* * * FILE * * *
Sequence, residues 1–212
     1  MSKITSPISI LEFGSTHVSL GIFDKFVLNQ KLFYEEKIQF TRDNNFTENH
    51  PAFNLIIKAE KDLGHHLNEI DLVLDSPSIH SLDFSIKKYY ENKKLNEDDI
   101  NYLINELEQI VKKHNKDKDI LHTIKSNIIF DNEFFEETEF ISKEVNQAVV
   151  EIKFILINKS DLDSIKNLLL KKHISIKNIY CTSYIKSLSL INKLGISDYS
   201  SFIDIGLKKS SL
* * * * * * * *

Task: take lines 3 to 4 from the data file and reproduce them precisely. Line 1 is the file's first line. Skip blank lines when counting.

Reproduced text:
    51  PAFNLIIKAE KDLGHHLNEI DLVLDSPSIH SLDFSIKKYY ENKKLNEDDI
   101  NYLINELEQI VKKHNKDKDI LHTIKSNIIF DNEFFEETEF ISKEVNQAVV